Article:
For the second time in less than two weeks, President Biden on Tuesday tried to console a nation reeling from another mass shooting, demanding action on gun control and asking what it would take for lawmakers to stand up to gunmakers and lobbyists who he said have prevented “common-sense gun laws.”
“As a nation, we have to ask: When in God’s name are we going to stand up to the gun lobby? When in God’s name are we going to do what we all know in our gut needs to be done?” Biden said in an emotional, seven-minute prime-time address after his return from a five-day trip to South Korea and Japan.
The president’s comments came hours after a gunman killed at least 21 people, including 19 children, at Robb Elementary School in the small working-class city of Uvalde, Texas, about 80 miles west of San Antonio.
A visibly frustrated but somber Biden said he was “sick and tired” of mass shootings and declared it was “time to act.”
“How many scores of little children ... witnessed what happened — see their friends die, as if they’re on a battlefield, for God’s sake?” he asked.
Biden’s trip to Asia has been bookended by tragic shootings. Just before leaving for his overseas trip, he traveled to Buffalo, N.Y., to grieve with the families of victims of the May 14 mass shooting at a grocery store that left 10 people dead.
During his 17-hour return flight from Asia, when he learned of the latest shooting, Biden said he was struck by the fact that other countries are rarely faced with the kind of mass shootings that regularly plague the U.S.
“Why are we willing to live with this carnage?” he asked. “Where in God’s name is our backbone?”
Before landing in Washington, Biden spoke to Republican Texas Gov. Greg Abbott and offered assistance, according to the White House. The president also issued a proclamation ordering American flags to be flown at half-staff at the White House and all federal buildings until sunset Saturday.
Biden also spoke about the last time he was asked to stand up and speak about a shooting at an elementary school, nearly a decade earlier while he was vice president. He recalled the 2012 Sandy Hook Elementary School massacre in Newtown, Conn., where a gunman killed 20 children and six adults. The tragedy led to a national push for gun reform, but the legislation was ultimately blocked by a Republican-led filibuster in the Senate.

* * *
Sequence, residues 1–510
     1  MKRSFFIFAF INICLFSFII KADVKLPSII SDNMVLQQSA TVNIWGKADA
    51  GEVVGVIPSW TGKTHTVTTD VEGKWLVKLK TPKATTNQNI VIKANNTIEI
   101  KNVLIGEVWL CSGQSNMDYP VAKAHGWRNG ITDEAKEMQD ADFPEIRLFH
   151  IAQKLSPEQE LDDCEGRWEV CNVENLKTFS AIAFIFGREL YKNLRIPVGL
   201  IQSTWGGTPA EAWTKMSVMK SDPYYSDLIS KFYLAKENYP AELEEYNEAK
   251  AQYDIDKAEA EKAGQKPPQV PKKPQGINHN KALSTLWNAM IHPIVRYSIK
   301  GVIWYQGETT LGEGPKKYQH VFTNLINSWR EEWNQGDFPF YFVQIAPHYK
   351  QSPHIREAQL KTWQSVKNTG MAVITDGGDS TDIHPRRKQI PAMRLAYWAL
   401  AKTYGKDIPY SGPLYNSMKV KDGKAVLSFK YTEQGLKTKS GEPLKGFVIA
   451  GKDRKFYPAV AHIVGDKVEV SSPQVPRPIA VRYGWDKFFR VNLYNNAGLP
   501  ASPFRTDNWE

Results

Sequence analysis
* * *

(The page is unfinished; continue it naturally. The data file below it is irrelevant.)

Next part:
He emphasized that more than 900 incidents of gun violence have been reported on school grounds between then and now, including the shooting at Marjory Stoneman Douglas High School in Parkland, Fla., in 2018 that left 17 dead.
The president acknowledged that while every tragedy couldn’t be prevented, common-sense gun laws — including an assault weapons ban— could make a difference.
The White House has been under pressure from gun safety advocacy groups to fulfill Biden’s campaign pledge to curb gun violence. The president has issued a raft of executive orders cracking down on so-called ghost guns, or untraceable weapons that can be constructed from parts purchased online; ordered the Justice Department to create gun-trafficking “strike forces” and directed cities to use federal relief funding to boost police forces and expand community violence intervention programs.
But Biden and White House officials say the president’s power is limited and only Congress can enact meaningful gun safety legislation. Republicans have long blocked gun safety bills, including a push last year to expand background checks and restrict high-capacity magazines.
Before Biden’s remarks, Vice President Kamala Harris said she would normally say “that our hearts break — but our hearts keep getting broken.”
“Enough is enough,” she said in brief remarks at the Asian Pacific American Institute for Congressional Studies 20th Annual Awards Gala. “As a nation, we have to have the courage to take action and understand the nexus between what makes for reasonable and sensible public policy to ensure something like this never happens again.”